All the best, and all ride safe.

Chris

And I actually like it better without the panels for some reason.
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Good luck Chris! You will find that these bikes need a lot of TLC, which some people can't stand and others find as all part of the charm. BTW, the throttle pumps tend to stop working if the bike is not used regularly, but as you have discovered, if you remove the ball-valve screw in the chamber and prime it, that gets it working.

It looks like you have synched the carbs very well; a lot of people think that the slides have to open simeltaneously, but that it wrong, both cylinders are so unique that it is important to get both cylinders ticking over evenly, then ensure that both gauges move exactly the same time when the throttle is opened. Because these engines are vee twins, and naturally uneven in their firing, the whole riding experience is ruined if the carbs are not synched properly, leading to lumpy low-down running. Nice bike!
 

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Very good! Result! I think you'll find it difficult to get the idle and pick-up much better than that.

Slight popping on the over-run can happen when the bike is at the limit of lean - you'll hear it quite often on modern bikes. Conversely. it can also happen when it's a bit rich, especially when the engine is breathing freely - as yours is with K&Ns and Contis.

If it bothers you, try adjusting the mixture screws a little and see what happens ...
 

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Discussion Starter #46
thank you bulldog....I'm on a steep learning curve. Btw I love your vintagedesmo.com website! Fantastic looking premises and art! I've been slowly trying to build something very similar using squarespace (not live yet) but of course everything ends up on here and it's tough to find the time to keep it updated never mind find the right templates etc etc. i don't want it to be a business as much as document what I do...but to be honest it's really all here anyway.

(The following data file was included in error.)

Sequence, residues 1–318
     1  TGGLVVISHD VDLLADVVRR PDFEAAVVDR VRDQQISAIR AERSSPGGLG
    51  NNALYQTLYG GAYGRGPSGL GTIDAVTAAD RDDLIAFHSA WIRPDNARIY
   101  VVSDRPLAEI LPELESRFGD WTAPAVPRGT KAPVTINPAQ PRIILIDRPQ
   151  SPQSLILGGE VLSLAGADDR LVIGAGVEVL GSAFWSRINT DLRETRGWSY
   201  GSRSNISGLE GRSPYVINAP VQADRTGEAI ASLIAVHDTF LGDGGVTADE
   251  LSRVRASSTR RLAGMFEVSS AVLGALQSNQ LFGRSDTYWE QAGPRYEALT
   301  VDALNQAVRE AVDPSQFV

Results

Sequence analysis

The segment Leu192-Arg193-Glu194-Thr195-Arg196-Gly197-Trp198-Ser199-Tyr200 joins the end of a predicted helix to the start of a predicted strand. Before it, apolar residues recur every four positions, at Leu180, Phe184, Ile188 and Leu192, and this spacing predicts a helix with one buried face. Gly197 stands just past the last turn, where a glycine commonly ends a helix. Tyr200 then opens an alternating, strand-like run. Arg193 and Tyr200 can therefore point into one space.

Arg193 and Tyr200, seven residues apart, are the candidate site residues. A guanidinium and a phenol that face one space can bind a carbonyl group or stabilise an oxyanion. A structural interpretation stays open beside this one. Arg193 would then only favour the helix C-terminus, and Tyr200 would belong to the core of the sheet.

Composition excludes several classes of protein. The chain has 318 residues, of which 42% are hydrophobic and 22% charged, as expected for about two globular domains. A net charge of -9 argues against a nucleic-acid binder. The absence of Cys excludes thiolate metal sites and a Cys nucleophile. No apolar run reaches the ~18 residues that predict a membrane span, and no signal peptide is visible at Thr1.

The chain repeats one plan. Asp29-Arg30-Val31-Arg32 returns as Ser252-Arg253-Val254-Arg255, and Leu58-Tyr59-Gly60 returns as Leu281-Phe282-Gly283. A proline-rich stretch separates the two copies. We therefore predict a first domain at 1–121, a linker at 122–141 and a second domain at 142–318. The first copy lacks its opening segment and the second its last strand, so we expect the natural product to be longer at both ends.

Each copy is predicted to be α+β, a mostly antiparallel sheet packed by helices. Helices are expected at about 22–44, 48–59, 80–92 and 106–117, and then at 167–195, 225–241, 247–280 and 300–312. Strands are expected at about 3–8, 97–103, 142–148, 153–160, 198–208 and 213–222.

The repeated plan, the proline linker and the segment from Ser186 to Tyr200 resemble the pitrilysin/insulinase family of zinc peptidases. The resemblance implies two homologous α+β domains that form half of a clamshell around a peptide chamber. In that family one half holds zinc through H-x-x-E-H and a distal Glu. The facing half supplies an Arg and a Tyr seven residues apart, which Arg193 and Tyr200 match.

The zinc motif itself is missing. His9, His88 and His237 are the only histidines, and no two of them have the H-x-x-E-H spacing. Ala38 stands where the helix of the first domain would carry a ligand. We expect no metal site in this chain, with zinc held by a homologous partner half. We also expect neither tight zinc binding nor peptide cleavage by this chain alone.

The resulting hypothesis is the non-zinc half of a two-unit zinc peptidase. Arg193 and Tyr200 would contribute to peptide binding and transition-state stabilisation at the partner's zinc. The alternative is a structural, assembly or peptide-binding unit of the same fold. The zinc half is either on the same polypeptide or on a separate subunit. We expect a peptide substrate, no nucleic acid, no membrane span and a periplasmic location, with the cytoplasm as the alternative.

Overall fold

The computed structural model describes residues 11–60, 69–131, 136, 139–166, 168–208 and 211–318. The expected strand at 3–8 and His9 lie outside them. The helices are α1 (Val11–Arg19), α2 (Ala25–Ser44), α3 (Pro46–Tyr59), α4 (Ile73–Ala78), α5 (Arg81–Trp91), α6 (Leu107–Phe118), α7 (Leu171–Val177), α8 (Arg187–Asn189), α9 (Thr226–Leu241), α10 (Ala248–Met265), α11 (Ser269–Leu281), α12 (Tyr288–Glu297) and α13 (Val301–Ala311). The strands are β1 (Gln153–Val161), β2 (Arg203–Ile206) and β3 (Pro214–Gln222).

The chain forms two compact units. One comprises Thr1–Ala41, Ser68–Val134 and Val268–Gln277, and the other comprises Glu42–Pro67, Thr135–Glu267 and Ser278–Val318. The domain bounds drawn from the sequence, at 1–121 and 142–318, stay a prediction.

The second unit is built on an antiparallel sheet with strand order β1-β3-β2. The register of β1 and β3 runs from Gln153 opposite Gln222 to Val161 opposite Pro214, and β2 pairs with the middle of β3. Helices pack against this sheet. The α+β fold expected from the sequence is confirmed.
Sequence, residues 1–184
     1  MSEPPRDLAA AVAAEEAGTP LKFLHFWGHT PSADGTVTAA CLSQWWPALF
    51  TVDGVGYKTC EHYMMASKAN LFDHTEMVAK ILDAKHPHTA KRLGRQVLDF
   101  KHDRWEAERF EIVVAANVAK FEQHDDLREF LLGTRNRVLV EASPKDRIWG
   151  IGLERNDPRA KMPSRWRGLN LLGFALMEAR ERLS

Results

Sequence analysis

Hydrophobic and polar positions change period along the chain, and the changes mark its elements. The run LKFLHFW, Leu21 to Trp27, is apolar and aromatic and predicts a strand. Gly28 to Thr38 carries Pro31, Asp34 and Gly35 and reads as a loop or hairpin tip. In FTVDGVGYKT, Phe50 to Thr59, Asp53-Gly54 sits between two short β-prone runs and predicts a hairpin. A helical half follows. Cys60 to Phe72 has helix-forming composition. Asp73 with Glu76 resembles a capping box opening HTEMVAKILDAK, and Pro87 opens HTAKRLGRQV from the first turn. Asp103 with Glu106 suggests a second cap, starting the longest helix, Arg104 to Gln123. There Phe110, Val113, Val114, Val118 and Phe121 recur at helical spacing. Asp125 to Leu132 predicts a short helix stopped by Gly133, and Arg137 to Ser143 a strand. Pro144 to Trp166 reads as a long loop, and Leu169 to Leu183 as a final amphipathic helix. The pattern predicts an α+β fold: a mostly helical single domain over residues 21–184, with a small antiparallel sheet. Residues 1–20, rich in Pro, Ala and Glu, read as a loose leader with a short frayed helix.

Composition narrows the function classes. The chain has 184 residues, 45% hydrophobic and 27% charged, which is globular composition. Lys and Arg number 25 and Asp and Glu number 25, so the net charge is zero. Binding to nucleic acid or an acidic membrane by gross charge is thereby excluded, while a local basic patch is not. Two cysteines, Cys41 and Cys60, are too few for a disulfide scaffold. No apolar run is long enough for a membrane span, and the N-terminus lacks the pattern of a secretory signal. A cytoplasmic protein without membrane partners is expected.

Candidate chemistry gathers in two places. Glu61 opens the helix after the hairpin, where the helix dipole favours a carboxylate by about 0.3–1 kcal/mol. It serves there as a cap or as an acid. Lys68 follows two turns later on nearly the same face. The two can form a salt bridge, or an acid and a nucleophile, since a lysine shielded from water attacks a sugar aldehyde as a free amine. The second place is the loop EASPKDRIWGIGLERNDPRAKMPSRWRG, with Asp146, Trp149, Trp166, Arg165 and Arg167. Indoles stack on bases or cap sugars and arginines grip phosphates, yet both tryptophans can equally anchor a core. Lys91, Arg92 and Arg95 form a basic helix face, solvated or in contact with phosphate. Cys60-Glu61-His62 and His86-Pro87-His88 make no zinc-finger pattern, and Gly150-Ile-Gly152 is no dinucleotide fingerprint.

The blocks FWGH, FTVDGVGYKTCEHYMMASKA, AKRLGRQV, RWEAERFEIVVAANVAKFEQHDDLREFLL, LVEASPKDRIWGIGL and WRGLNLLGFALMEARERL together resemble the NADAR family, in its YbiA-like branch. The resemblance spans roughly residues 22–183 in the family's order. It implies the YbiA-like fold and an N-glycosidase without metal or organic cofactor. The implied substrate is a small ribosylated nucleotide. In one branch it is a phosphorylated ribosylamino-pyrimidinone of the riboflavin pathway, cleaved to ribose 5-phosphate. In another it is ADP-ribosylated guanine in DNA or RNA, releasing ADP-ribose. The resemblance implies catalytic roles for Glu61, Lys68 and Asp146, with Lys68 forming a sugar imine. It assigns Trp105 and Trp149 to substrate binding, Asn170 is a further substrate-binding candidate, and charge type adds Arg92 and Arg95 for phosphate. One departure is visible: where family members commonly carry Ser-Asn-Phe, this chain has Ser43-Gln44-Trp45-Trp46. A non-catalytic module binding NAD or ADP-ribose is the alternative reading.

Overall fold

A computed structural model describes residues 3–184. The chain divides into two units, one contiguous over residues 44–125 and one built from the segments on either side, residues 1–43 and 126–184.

I never thought I would be into these bikes...a friend advised me to get this one as an investment....of course I paid way too much for it ($15k) and I must have put in at least a couple of grand in rebuilding carbs, brakes, master cylinders, replacing fluids and filters, etc etc. Of course I should be ignoring all other Darmah sales but since then I've seen a few around for $11k- nevertheless I'm pretty sure I'll be hanging onto it AND riding it a lot. The Contis sound satisfies some kind of addiction in me.

Thanks to all on this site I've learned A LOT in a short period and I think I've put it into practice reasonably well. For example syncing the carbs on a Kawasaki triple is simply making sure all the slides come up at the same time, but as Duccout points out, it's more complicated than that on these motors. That was an interesting process. One of the other surprising (to me) things I learnt is that just because a bike has been sitting in a museum for 5 years doing nothing doesn't necessarily mean that's an advantage to the bike in terms of value or mechanical health. best case scenario is probably a daily driver from an (honest) enthusiast.

Been carefully cinching up the exhaust nuts after every heat cycle....then finally re-did the lockwiring on the forward cylinder. I don't think I will bother drilling a hole in a rear cylinder fin to do that one. Will just keep an eye on it.

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Bought a new BikeMaster battery (MS12-19-BS for $85) I've been running with the battery that came with my 998 but I don't think it's a good idea. However the voltage of the new AGM Bikemaster out of the box was only 10.8, so I hooked it up to my NORCO Genius battery charger which is supposed to save any battery and it would just stop attempting to charge after reaching 25% and flash red lights, so I think I'm going to have to send this back and suck it up and buy a decent one for more money from Bevelheaven or the like.